#1 Mistake When Training The Core

#1 Mistake When Training The Core

There’s no shortage of ab-scending ways to train your core and find that elusive six-pack. But, according to research, there is a surplus of ineffective methods to tickle your twister. Why is there this disconnect between what we know about effective training and what we do in the gym?

The core muscles are vital for maintaining a healthy spine and controlling other muscles in the body. Strong core muscles can help reduce the risk of falls and improve sports performance.

CLICK HERE to watch the YouTube video.

I want to explain the #1 mistake I see when it comes to people training their core specifically for back health.

The mistake is that people don’t train the transverse plane of their core. They do not work on their core three-dimensionally.

An exercise that you can do for that is an Anti-Rotational Tubing Exercise.

I will get Orsy to demonstrate.

Why It’s A Mistake To Only Train Core Strength?

When runners start training for marathons, they’ll often increase the distance and intensity of their runs. Similarly, swimmers preparing for a big swim meet will add more volume to their stroke or do more distance swimming. Why? Because what they’re doing is increasing the conditioning of the muscles they use in their sport. Runners are increasing the amount of strength they have in the muscles they use during running and the amount of endurance they have in those same muscles. This is also true for swimmers – they’re not just building more strength in their strokes but also increasing the endurance they have in those muscles.

The Mistake: Not Including Core-Conditioning Exercises In Your Training ProgramAnd it would help if you were doing the same. It’s the only way to ensure that you’re not only building strength in your core but also conditioning the muscles to last longer in your lifts and other training. To do this, you need to include exercises in your training program that target your core’s ability to produce force, absorb force, and maintain posture – all of which are essential for a strong core.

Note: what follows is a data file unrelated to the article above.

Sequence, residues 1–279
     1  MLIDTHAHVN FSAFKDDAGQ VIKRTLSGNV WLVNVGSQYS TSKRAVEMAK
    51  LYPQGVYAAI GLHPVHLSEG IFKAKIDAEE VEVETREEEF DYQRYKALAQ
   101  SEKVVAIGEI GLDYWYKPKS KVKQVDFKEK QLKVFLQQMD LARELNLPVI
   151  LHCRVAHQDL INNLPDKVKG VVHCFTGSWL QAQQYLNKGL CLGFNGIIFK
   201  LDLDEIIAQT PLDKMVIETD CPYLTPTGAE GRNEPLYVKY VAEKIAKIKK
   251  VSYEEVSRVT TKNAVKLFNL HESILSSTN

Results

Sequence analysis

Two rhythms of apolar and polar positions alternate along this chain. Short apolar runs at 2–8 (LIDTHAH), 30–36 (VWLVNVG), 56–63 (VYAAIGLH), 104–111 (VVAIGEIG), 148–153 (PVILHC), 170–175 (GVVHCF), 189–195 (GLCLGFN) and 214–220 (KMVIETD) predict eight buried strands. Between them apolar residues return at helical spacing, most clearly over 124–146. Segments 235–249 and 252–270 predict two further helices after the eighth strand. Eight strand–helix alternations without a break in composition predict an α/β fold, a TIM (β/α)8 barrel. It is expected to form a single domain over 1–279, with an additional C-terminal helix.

Anti-Rotational Tubing Exercise

This exercise is not just for runners but also a great way to strengthen your core and reduce the risk of injury. 

It is significant to avoid excessive twisting or to rotate your spine. Avoid activities that might cause pain or discomfort to your back.

Training The Core

You’ve got the tubing at about chest height. You are stepping away from wherever that tubing is fixed. You hold that tubing out front at about chest height. Hold it for about 10 seconds, and then you can lean off the tension and then go into another repetition.

Progression #1

You can progress and make it harder by moving the hands closer and away.

Training The Core

Progression #2

The next thing you can do is move the hands up to 45 degrees and then move them down to 45 degrees below.


We are working on changing the planes of movement to where that tubing is pulling on the core.
Lastly, you can do the exercises one arm at a time. You can use the inside arm and then go with the outside arm.


If you don’t have a place to do this exercise, you can still do it by holding onto a resistance band. It’s a similar movement but with a twist. The best way to do this is to stand away from the band. Step one foot on top of the resistance band and hold the other straight out in front of you. Then slowly lean forward while keeping your back straight. But then twist slightly so that your right-hand moves over toward your left hip, and your left-hand moves toward your right hip while keeping your back straight. 

You can use these two exercises at home and the gym. They teach you how to move efficiently and with the correct form. They also strengthen your muscles and improve your posture. The best part? They are fun!

There you go! 

When we talk about training your core, most of the time, people don’t do it three-dimensionally. They are working in one plane only, maybe forward and back, and doing

If you want to achieve your dream abs without the risk of getting injured, then check out the Invincible Core program here:

Rick Kaselj, MS

Invincible Core